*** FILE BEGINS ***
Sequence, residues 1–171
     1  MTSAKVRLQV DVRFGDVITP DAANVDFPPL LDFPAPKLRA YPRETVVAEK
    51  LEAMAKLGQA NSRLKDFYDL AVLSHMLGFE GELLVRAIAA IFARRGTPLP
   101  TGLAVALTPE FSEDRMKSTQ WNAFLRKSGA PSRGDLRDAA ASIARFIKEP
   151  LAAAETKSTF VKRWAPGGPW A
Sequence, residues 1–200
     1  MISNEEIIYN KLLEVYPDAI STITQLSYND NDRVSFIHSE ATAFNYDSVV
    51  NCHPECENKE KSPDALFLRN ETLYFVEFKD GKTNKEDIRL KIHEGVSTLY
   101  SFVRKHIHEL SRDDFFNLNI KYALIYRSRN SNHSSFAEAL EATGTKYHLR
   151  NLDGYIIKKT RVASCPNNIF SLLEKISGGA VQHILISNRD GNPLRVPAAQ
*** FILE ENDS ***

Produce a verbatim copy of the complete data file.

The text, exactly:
Sequence, residues 1–171
     1  MTSAKVRLQV DVRFGDVITP DAANVDFPPL LDFPAPKLRA YPRETVVAEK
    51  LEAMAKLGQA NSRLKDFYDL AVLSHMLGFE GELLVRAIAA IFARRGTPLP
   101  TGLAVALTPE FSEDRMKSTQ WNAFLRKSGA PSRGDLRDAA ASIARFIKEP
   151  LAAAETKSTF VKRWAPGGPW A
Sequence, residues 1–200
     1  MISNEEIIYN KLLEVYPDAI STITQLSYND NDRVSFIHSE ATAFNYDSVV
    51  NCHPECENKE KSPDALFLRN ETLYFVEFKD GKTNKEDIRL KIHEGVSTLY
   101  SFVRKHIHEL SRDDFFNLNI KYALIYRSRN SNHSSFAEAL EATGTKYHLR
   151  NLDGYIIKKT RVASCPNNIF SLLEKISGGA VQHILISNRD GNPLRVPAAQ